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Demystifying The ACS In 4 Steps

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1) Background

In 2016, the FAA replaced the PTS with the ACS for private and instrument applicants. This move came after years of deliberation within the FAA as well as industry executives.

Their reason? To quote the FAA, "many viewed the knowledge test as deeply flawed because it included too many questions that were considered to be overly broad, overly complex, trivial, outdated, and sometimes irrelevant." The FAA has developed these standards to make your exam more relevant and worthwhile to you.

The ACS will eventually replace the PTS for all certificates and ratings, but until then, here is a list of the exams currently offered under the ACS:

  • Private
  • Instrument
  • Commercial*
  • ATP
  • Remote Pilot

*Civilian and Military Competency Equivalent

2) How It's Organized

The ACS is broken down into sections called "Areas of Operations", starting with Preflight Preparation and ending with Postflight Procedures.

Within these broad categories, there are tasks that your examiner will assess you on. Each task is one page in the ACS, and can range from subjects like the national airspace system to a maneuvers such as steep turns.

Looking within a task, you'll notice that there are 3 main sections: Knowledge, Risk Management, and Skills. Think of these 3 items as the "Know, Consider, and Do."

The FAA wants you to demonstrate an understanding of knowledge topics. In the decision-making category, you should be able to identify, assess, and mitigate hazards. Finally, for the skill category, your examiner wants to see you fly maneuvers within the standards listed.

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The references section lists FAA material that discusses the subject matter of the related task, and this is a great place to look if you are unsure about the content on the page.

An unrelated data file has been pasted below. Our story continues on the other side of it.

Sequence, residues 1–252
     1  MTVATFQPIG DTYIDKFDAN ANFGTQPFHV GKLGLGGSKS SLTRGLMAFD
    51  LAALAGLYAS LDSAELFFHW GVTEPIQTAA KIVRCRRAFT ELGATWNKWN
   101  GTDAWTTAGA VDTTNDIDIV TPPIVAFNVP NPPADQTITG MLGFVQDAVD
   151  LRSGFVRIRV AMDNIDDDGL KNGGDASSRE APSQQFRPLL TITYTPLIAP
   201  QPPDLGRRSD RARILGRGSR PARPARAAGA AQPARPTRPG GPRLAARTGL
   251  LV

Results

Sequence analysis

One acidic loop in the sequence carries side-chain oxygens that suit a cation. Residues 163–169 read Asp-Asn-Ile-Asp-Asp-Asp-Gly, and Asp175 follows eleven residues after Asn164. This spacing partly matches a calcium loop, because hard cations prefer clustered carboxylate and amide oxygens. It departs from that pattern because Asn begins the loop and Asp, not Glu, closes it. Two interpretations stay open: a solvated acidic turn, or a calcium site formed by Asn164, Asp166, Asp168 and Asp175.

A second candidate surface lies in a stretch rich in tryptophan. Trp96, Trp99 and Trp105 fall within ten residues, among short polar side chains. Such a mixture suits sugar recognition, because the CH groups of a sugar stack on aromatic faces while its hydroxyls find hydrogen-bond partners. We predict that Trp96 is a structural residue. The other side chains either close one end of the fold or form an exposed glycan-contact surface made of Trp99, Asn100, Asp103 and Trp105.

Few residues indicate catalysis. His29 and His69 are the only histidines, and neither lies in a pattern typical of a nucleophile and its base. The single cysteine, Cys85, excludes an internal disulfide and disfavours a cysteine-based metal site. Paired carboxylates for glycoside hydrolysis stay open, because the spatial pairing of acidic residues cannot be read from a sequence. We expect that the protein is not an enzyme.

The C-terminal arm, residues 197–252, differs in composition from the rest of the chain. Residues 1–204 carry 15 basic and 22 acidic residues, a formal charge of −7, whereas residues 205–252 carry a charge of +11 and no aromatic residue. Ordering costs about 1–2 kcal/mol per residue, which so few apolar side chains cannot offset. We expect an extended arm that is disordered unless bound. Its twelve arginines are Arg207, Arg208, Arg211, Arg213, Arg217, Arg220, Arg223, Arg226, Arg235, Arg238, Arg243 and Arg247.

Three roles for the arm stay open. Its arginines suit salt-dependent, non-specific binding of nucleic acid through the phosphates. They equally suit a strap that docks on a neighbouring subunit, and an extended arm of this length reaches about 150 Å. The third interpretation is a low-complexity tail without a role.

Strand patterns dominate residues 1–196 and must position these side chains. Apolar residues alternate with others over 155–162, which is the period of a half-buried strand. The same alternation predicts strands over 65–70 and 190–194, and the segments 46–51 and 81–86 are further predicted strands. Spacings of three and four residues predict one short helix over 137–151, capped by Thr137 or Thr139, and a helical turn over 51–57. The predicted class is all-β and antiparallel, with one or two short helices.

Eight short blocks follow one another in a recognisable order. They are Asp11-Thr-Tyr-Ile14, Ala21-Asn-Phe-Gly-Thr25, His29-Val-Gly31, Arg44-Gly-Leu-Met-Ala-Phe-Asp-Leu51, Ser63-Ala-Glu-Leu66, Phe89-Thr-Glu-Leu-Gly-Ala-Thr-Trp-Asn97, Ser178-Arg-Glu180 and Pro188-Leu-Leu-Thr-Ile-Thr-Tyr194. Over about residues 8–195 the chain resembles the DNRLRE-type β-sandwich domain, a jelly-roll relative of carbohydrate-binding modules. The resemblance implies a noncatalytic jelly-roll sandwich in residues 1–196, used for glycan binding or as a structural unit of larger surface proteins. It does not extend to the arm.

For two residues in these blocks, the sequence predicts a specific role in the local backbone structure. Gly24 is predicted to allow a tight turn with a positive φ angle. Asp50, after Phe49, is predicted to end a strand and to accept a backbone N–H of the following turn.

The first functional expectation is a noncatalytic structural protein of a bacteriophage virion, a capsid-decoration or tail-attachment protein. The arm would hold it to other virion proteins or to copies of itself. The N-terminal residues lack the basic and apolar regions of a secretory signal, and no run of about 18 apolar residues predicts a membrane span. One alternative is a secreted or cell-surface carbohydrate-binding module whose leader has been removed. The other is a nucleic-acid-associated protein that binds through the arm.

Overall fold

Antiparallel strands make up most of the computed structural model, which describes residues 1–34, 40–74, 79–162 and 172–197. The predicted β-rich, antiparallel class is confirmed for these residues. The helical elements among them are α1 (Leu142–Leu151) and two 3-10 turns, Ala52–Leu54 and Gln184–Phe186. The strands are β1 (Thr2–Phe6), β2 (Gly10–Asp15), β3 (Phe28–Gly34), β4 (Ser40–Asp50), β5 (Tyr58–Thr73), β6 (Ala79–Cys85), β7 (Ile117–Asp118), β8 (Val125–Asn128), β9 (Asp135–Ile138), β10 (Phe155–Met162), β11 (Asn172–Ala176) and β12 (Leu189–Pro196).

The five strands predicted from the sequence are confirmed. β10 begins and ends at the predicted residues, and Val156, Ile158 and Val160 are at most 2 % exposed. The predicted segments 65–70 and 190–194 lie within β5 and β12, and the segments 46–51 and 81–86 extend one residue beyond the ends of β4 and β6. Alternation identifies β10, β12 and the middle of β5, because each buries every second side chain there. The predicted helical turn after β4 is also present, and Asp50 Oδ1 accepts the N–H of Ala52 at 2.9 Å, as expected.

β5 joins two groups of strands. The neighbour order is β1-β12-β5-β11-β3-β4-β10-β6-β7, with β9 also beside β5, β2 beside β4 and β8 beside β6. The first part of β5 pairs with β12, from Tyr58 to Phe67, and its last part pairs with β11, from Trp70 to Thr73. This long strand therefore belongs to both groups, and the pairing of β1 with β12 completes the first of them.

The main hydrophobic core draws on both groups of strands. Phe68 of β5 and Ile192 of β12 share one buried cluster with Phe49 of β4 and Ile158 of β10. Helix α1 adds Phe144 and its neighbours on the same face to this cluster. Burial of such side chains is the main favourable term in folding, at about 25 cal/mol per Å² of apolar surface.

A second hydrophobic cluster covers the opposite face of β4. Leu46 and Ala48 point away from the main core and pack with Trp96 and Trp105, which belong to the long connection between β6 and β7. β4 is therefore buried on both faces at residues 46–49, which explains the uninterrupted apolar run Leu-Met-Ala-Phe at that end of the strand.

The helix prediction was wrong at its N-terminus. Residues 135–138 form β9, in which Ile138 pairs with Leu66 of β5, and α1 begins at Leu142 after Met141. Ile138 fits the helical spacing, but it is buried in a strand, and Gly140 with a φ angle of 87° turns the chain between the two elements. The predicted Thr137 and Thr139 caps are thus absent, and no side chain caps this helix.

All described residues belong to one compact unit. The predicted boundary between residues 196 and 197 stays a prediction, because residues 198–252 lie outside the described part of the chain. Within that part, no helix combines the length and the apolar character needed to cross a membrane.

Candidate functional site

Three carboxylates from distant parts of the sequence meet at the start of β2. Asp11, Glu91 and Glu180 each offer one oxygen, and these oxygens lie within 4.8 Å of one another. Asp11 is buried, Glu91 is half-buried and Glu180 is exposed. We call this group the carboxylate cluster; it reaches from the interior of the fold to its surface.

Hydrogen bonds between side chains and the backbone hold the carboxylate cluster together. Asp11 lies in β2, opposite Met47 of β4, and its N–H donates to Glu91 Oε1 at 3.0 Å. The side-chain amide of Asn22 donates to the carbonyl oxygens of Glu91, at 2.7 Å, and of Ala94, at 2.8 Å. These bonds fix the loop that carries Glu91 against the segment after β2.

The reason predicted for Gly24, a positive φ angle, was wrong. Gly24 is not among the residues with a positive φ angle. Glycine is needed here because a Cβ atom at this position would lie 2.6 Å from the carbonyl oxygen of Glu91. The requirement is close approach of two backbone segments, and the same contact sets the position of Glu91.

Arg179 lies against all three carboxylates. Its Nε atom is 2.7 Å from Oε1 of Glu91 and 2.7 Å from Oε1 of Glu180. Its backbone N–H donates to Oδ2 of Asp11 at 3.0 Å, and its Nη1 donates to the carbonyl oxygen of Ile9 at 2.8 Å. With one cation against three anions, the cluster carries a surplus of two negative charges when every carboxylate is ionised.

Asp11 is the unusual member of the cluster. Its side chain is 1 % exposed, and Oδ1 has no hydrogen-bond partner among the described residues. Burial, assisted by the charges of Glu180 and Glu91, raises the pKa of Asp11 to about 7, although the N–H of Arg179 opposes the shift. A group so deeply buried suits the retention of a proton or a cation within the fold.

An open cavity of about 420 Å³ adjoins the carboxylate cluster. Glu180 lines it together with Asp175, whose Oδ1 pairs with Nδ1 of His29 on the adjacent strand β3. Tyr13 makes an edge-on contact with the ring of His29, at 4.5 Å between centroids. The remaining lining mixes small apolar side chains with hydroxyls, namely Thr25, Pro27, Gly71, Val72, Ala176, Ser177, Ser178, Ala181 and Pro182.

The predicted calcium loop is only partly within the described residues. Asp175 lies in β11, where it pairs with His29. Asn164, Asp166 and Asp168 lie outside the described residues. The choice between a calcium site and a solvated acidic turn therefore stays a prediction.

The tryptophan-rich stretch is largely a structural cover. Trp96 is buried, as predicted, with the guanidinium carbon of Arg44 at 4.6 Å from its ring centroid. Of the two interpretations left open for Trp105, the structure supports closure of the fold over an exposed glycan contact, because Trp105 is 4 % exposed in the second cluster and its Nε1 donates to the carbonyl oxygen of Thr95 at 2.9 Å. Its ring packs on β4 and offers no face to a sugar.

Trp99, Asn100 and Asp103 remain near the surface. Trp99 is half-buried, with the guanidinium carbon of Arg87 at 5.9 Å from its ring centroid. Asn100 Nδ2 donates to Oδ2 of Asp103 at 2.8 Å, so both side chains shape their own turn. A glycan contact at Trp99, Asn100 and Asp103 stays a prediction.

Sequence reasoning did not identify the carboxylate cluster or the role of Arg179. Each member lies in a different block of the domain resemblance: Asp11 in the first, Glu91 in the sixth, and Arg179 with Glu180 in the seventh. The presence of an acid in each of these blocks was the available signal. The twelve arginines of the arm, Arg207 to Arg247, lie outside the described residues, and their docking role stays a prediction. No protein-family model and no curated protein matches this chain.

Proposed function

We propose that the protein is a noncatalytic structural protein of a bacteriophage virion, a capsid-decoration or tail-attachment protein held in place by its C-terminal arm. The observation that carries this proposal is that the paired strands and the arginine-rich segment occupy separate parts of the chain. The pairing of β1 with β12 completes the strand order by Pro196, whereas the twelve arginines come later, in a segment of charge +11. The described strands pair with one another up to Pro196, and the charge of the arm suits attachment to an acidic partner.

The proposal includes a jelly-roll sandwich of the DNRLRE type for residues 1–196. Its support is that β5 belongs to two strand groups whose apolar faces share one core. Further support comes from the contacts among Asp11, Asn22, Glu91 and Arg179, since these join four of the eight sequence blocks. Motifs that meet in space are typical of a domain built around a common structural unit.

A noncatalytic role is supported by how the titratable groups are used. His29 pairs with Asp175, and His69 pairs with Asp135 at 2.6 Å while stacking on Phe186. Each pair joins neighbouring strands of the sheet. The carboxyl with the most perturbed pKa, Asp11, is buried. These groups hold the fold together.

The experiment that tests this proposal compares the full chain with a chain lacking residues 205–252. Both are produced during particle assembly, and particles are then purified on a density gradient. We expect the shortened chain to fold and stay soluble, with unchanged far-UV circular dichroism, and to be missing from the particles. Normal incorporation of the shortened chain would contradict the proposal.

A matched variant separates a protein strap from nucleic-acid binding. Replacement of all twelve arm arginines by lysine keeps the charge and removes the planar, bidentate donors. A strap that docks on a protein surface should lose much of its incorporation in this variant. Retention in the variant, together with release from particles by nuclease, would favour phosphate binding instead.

3) Understanding The ACS Codes

Now that you know how to interpret the ACS, let's run through an example of an ACS code you might see on your knowledge test results.

PA.V.B.K3

While this might seem confusing, think of it as a glorified page number that belongs to a piece of information held within the ACS.

  • PA = Private Pilot ACS
  • V = Area of Operation V (#5)
  • B = Task B, "Ground Reference Maneuvers"
  • K3 = Knowledge item #3, "Effects of bank angle and ground speed on rate and radius of turn."

4) What To Expect During Your Test

There are Knowledge, Risk Management, and Skill categories you're going to be tested on, but do you really have to know everything listed?

The short answer is yes, but the longer answer is that you won't be tested on everything during your exam.

The FAA's instructions to examiners are, "for each Task, the ACS requires you to test at least one Knowledge element, at least one Risk Management element, and all Skill elements... [unlike] the PTS, however, the ACS gives you the discretion to test additional Task elements as necessary."

So while you should be comfortable with all the categories in the ACS, you won't necessarily be tested on every one of them.


Want help getting ready for the knowledge and skills categories for your checkride? Sign up for our online courses here.

Nicolas Shelton

Nicolas is a private pilot from Southern California. He is currently studying at Purdue University, where he is working on advanced pilot ratings. You can reach him at nicolas@boldmethod.com.

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